WHEN Mary Oliver talks about her work - something she is quite reluctant to do, fending off interviews and media proposals - there is an austerity, a quiet determination to her thought that brings to mind an earlier century. The discipline of her writing life might seem more natural in a time before every living room was plugged into the perpetual tide of images and ideas, when an individual cultivated the solitude and curiosity of the inner life.
This is not to say Ms. Oliver's poems aren't thoroughly contemporary in style, voice, and motive. It's just that, during our conversation, I kept getting the idea that Emily Dickinson would have found her a most agreeable next-door neighbor.
As a young writer, Ms. Oliver was not crushed by the intense isolation and general lack of support peculiar to the poet's vocation. Nor was her equanimity dramatically altered when her book "American Primitive" burst on the national scene, winning the 1984 Pulitzer Prize. This November, her "New and Selected Poems" was honored with the National Book Award as well.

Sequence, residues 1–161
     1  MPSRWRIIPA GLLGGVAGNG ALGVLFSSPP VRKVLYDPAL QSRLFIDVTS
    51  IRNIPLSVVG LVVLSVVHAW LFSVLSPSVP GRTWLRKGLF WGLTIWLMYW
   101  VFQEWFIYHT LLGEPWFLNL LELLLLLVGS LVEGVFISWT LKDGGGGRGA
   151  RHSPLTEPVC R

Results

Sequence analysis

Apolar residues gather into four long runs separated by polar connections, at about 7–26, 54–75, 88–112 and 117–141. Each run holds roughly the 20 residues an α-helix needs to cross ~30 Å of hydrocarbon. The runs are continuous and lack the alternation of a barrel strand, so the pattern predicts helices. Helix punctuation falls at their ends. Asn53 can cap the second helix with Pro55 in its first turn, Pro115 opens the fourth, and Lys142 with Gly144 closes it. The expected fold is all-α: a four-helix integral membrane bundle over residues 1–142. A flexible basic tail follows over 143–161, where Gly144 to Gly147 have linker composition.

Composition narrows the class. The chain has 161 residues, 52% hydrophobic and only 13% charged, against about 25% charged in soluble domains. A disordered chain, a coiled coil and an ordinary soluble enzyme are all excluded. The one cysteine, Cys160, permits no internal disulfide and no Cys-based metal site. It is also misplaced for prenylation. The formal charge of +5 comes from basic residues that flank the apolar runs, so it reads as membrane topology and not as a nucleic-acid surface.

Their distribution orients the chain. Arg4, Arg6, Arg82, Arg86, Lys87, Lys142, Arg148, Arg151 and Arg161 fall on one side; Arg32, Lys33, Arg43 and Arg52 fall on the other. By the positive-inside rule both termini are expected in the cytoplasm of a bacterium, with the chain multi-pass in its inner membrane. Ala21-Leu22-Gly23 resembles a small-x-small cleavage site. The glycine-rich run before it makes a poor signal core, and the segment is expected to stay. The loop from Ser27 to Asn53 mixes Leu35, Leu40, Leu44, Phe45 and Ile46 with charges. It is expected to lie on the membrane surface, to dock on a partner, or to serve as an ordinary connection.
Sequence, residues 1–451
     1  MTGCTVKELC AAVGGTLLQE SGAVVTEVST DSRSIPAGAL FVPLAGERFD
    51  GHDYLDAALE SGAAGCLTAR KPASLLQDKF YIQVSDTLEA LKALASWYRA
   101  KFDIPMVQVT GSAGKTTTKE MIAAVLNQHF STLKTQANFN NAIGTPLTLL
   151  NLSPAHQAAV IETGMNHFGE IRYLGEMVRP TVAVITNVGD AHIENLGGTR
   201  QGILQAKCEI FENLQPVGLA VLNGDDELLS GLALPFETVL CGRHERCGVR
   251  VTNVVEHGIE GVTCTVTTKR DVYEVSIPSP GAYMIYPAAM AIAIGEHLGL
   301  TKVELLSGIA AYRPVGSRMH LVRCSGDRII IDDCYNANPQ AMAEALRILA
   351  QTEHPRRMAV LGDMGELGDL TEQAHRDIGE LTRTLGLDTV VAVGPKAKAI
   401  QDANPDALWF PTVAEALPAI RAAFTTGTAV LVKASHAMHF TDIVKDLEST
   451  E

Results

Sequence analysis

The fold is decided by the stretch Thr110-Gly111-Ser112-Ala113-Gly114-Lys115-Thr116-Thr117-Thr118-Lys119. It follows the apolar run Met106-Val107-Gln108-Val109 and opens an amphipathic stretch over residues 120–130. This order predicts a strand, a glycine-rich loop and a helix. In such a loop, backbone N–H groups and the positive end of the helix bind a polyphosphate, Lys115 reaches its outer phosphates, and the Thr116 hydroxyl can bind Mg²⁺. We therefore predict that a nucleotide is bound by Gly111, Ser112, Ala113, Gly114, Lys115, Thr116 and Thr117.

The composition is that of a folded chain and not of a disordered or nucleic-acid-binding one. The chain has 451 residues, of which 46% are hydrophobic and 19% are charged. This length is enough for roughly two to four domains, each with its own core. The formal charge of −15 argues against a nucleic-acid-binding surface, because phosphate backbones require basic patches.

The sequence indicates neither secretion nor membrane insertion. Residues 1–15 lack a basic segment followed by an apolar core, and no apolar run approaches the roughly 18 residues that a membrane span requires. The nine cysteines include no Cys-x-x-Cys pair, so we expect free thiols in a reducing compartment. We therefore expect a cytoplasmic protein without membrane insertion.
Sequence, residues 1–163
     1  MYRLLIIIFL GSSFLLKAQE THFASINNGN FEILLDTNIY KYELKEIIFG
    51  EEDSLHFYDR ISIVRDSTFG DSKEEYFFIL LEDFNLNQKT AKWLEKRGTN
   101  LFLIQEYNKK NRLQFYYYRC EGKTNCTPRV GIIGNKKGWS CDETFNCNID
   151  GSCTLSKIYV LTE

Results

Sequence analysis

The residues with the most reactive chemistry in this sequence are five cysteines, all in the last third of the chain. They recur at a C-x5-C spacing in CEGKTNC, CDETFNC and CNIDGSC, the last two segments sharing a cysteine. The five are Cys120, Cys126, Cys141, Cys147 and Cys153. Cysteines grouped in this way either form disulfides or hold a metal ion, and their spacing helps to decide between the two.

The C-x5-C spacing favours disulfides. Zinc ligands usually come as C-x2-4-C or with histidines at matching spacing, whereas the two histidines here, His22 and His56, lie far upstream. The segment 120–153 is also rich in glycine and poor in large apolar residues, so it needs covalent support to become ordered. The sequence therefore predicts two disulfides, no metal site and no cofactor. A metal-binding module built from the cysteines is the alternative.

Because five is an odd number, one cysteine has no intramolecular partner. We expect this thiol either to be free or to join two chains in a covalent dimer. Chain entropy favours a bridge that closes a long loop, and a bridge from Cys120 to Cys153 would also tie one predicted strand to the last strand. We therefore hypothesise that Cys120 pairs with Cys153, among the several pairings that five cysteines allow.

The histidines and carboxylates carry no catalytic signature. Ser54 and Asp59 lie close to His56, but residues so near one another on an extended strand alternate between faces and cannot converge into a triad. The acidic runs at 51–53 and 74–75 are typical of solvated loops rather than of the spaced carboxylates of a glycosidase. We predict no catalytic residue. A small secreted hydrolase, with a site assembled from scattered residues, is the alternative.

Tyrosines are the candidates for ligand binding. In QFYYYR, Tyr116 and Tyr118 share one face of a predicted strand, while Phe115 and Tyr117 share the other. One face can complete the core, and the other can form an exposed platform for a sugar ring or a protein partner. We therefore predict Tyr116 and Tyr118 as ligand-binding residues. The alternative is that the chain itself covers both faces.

She continues to thrive on the simple necessities of her daily routine: time to be alone, a place to walk and observe, and the opportunity to carry the world back to the page. Like Emily before her, Mary Oliver focuses on the luminous particularities of experience, savoring the simple and the astonishing occurrences of the natural world for the wisdom embedded in beauty and for the mysteries hovering just beneath the glittering surfaces.
Her poetry is also an extended investigation into the nature of the self. But in her vision, the self is a much more open and encompassing concept than the succinct identities to which we affix our names. The "Mary Oliver" of these poems has rain passing through her, contains swans and gannets, pine groves and waterfalls, and the uncanny sense that, at any moment, the world is poised on the verge of speech.
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